Strawberry Vanilla Buttercream Cheesecake Shortcake

Sunday, September 23, 20126comments

Strawberry Vanilla Buttercream Cheesecake Shortcake
Strawberry Vanilla Buttercream Cheesecake Shortcake

This over-the-top cake was a big hit at one of our recent sips-n-nibbles get-togethers with friends. A pound cake bottom gets topped by a whole, crust-less vanilla cheesecake before being crowned with whole ripe strawberries and completely covered in velvety Italian buttercream frosting. This one takes decadent to a whole new level. I'm sure you know some one who would deserve such a decadent celebration cake at your next special occasion.

If you don't want the fuss of the Italian Buttercream Frosting (but it is worth the effort) you can easily use whipped cream instead to finish the cake.


Strawberry Vanilla Buttercream Cheesecake Shortcake
Pound Cake Base


Grease and flour a 10 inch cake pan. I use the same spring form pan that I bake the cheesecake portion in to get them exactly the same size.

Cream together:
  • 3/4 cup butter
  • 1 cup sugar
Add, one at a time, beating well after each addition until light and fluffy:
  • 2 large eggs
Add:
  • 2 tsp vanilla extract
Sift together:
  • 1 1/2  cups cake flour
  • 1 tsp baking powder
Fold dry ingredients into the creamed mixture alternately with
  • 1/2 cup milk
beginning and ending with the dry ingredients.

Bake at 325 degrees F for 25 to 30 minutes. Rely on the toothpick test to ensure that it is properly baked. Cool completely.


Vanilla Cheesecake Layer

I bake my cheesecakes in a 10 inch spring form pan that has the bottom and sides wrapped in multiple layers of wide heavy duty aluminum foil which forms a sort of boat that the cheesecake pan sits in. The roll of aluminum foil that I use is about 16 inches wide. I use at least 4 layers of foil to make sure that no water leaks in and ruins the crust of my cheesecake. The aluminum foil wrapped pan is then placed inside a larger baking pan; I use a 12 inch cake pan. Boiling water is then poured into the larger pan filling it from 1/2 to 2/3 of the way to the top.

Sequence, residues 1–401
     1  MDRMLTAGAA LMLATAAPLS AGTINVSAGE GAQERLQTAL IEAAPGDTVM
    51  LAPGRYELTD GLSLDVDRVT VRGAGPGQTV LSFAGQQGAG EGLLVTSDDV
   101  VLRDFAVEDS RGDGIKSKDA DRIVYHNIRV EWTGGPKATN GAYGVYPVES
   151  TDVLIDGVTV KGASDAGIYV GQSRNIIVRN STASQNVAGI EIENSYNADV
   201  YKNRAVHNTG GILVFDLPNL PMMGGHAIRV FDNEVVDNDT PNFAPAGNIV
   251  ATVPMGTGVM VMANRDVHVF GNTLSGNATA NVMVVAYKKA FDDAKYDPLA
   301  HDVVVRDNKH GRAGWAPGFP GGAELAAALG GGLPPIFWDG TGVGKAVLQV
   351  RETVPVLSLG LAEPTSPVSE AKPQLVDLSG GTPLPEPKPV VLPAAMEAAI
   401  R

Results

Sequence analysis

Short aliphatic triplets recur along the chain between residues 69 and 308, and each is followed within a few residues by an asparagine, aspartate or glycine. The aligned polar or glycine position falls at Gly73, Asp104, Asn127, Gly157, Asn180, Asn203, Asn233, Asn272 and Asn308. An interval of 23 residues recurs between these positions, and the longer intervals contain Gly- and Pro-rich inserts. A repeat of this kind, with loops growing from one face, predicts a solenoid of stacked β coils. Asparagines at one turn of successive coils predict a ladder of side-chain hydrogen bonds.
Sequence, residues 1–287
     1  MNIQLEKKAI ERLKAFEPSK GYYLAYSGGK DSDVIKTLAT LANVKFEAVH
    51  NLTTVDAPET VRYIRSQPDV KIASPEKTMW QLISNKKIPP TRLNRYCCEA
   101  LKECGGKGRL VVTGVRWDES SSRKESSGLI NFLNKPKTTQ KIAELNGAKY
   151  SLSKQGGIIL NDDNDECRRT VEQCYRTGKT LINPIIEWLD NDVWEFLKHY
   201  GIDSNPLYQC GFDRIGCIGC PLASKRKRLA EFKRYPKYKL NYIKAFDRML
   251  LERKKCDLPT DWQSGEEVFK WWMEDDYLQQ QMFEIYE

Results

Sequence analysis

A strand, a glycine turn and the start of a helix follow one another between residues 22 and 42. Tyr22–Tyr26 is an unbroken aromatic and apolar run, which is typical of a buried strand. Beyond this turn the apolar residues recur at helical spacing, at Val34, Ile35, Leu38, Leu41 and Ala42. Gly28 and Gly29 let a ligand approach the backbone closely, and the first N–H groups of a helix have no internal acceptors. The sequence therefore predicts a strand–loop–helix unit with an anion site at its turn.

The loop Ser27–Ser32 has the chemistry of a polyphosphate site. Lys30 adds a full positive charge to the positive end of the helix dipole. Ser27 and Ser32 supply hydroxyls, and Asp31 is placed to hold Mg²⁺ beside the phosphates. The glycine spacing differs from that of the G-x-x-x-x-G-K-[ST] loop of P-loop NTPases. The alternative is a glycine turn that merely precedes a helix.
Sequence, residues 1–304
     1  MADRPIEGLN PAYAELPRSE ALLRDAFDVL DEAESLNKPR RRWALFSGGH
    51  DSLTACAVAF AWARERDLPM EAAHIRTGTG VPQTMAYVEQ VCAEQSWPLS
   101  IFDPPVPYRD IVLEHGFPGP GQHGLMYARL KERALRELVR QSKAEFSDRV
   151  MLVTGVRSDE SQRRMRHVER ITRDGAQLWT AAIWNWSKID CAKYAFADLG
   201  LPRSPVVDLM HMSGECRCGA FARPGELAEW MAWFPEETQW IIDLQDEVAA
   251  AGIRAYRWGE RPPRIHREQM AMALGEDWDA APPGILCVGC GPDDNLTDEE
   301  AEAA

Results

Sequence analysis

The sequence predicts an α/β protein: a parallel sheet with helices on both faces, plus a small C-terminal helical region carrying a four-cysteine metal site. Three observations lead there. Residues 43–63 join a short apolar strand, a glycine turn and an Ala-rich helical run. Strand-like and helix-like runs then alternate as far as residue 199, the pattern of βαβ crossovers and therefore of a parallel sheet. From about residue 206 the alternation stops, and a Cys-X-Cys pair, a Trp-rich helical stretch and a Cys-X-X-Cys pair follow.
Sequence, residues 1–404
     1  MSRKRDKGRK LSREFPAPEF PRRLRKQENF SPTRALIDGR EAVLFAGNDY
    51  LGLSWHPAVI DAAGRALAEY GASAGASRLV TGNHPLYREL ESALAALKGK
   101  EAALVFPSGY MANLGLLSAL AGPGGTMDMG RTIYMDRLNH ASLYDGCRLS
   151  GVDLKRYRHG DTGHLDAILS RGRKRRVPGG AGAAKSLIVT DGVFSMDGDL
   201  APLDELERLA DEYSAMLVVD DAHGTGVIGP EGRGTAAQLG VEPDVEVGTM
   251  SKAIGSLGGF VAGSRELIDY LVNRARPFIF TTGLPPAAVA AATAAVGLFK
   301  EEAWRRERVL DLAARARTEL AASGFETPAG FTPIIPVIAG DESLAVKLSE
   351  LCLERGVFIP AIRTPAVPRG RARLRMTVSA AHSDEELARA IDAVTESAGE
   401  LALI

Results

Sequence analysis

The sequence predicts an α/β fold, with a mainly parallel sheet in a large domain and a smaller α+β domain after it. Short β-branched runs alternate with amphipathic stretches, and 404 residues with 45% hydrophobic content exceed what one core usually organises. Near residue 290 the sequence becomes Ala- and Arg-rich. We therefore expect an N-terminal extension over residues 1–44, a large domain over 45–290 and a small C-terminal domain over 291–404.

I find it best to pour the boiling water into the pan after it is placed on the rack in the oven as you are less likely to splash water onto the cheesecake or inside the aluminum foil. I reuse the aluminum foil for several future cheesecakes, adding a couple of layers to it each time just to be safe. 


Even if you choose not to use a water bath method, wrapping the outside of your spring form pan with 4 or 5 layers of heavy duty aluminum foil will greatly help the even distribution of heat through your cheesecake as it bakes, making it more evenly creamy from edges to middle. 

Line the bottom of a 10 inch pan with parchment paper. There is no crust in this cheesecake layer so the paper is essential to remove it from the pan later.

Cream together:

  • 3 eight ounce packages ounces cream cheese
  • 1 cup sugar
Add, one at a time:
  • 3 eggs
beating well after each addition. Add:
  • 3 tsp vanilla extract
Finally blend in:
  • 1 cup whipping cream
Pour over the prepared base and bake in a bain marie at 300 degrees F for 55 minutes to an hour. The cheesecake does not have to brown at all in order to be fully baked; the surface of the cheesecake should lose any shine when the cake is properly baked. It can still be slightly wobbly just at the center at this point.

Remove the cake from the oven and run a sharp knife completely around the edge of the pan. This will allow for the cheesecake to shrink as it cools and hopefully not crack (but who cares if it does? I am never bothered by a crack or two in the surface) Allow the cheesecake to cool thoroughly on a wire rack at room temperature. (NOT in the fridge). Refrigerate for several hours after fully cooled down until the cheesecake firms up well.